I would suggest getting the right snowshoes at the perfect length and size with the bindings that tighten and release easily. I like how my snowshoes have this rubber piece that my toes fit up against so my feet aren’t sliding around. My shoes came with an incline heel bar. It really helped us when going up the bluff. I would look for sets that include poles and a carrying bag, preferably a bag with a cross body strap so your hands are free to use your poles. We shopped around online and we did go to an outfitting store locally. Ultimately, we bought them in person instead of online.

I really appreciate your guidance as we put the snowshoes on today and when you showed me how to use the poles correctly. We kinda winged it that first day. 

Oh, and this is very important- start out with a flat trail that is only a mile or so! Hydrate (easy to forget in the winter) and if you are debating whether or not to buy them, rent them from Ridge & Valley Tours first. They are an investment just like any other outdoor equipment. I wish I had them sooner!! I look forward to snowshoeing for many years to come.

I really enjoy helping people begin with the sport of snowshoeing. I find some get frustrated with their shoes or the poles but just a little bit of advice can go a long way to make snowshoeing an enjoyable experience. Snowshoes can be an investment and spending money on cheap snowshoes tends to bring frustration. I have a set of snowshoes I spent $200 on 7 years ago and they still look great today. A quality pair can last for a long time. You can contact me at ridgeandvalleytours@gmail.com if you have questions or are looking for rentals/guide services.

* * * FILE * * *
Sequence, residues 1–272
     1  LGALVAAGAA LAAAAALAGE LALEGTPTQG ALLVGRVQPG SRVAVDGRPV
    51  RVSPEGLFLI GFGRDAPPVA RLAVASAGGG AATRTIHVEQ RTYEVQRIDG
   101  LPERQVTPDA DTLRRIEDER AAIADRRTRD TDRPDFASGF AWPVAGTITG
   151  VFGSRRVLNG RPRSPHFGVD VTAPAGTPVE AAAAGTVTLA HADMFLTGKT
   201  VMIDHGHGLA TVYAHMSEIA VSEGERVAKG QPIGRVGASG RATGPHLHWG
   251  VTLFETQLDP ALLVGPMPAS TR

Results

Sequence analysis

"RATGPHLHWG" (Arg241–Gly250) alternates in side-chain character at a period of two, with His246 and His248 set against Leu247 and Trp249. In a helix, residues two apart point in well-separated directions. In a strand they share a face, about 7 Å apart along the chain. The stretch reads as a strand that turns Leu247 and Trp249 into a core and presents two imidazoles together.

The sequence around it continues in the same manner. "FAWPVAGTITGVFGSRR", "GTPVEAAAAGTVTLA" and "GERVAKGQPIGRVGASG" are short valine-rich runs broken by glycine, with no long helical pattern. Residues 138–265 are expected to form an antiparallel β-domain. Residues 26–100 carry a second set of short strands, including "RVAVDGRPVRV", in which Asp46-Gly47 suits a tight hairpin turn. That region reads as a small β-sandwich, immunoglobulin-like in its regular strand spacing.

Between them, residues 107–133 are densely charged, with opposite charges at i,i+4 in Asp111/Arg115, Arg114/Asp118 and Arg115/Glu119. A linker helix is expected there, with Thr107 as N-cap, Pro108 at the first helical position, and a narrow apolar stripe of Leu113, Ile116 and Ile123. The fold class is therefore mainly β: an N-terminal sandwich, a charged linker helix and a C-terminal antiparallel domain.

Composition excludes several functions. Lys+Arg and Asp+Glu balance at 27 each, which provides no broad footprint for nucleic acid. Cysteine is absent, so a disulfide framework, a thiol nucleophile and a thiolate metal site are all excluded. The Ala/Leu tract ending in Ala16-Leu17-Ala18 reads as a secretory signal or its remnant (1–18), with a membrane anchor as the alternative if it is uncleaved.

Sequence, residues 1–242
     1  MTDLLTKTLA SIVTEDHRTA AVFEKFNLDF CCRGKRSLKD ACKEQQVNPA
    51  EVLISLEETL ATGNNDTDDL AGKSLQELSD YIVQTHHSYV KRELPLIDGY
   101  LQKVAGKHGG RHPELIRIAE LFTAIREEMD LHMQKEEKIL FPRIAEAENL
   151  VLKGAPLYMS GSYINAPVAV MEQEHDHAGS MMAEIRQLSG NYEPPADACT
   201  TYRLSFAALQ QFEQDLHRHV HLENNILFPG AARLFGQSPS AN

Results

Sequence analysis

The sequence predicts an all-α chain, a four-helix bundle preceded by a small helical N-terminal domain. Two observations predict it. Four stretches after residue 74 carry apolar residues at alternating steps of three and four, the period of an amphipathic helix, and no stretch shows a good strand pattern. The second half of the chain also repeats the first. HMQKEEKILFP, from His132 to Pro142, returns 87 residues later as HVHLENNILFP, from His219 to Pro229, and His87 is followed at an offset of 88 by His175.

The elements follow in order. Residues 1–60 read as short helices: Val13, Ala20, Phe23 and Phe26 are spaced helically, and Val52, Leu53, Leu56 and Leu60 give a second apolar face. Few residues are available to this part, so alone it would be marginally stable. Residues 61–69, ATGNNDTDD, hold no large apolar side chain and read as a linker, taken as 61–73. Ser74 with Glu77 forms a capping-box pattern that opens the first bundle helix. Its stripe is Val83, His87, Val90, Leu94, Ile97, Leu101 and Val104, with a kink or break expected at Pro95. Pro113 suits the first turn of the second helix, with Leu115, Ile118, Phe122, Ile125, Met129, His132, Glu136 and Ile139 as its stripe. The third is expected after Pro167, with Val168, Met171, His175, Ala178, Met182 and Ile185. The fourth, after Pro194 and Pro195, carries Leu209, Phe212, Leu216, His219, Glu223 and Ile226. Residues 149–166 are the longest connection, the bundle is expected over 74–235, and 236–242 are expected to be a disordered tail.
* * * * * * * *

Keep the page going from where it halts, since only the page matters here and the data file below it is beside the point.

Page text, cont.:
Snowshoe report for 1/4/21

What a great few days we have had for snowshoeing! The second snow we had last Wednesday entirely covered just about everything in SW Wisconsin and has made snowshoeing a pure pleasure. I have been out every day trying to work that post-holiday weight gain off my waist. 

It has been truly great seeing my Facebook and Instagram feeds filled with snowshoe posts. I have also had friends report on trail conditions found throughout the county.  I will be taking their notes and my observations and writing future posts in the coming weeks. I love seeing the growing engagement with the sport of snowshoeing in Richland County. I am currently working on a snowshoe trail map for Richland County. We do have many public places you can check out. If you know of a great public access trail in Richland County-send me an email at ridgeandvalleytours@gmail.com. At this point, we have already noted well over 10 public places perfect for snowshoeing and hope to add many more. 

Today, the hoar frost was so magical at the higher elevations. Our hills and valleys were filled with pockets of fog giving our Driftless area an ethereal quality.  A drive today from Juneau county into Richland county revealed such beauty as the sand plains of the Mauston area turned into the rolling hills we all know and love in Richland County. I spent the weekend doing some snowshoeing up by Lake Pettenwell and found that area beautiful in Winter. But I have to be honest, nothing compares to the beauty of Richland County. When I look at snowshoeing a particular trail, I look for a few different qualities.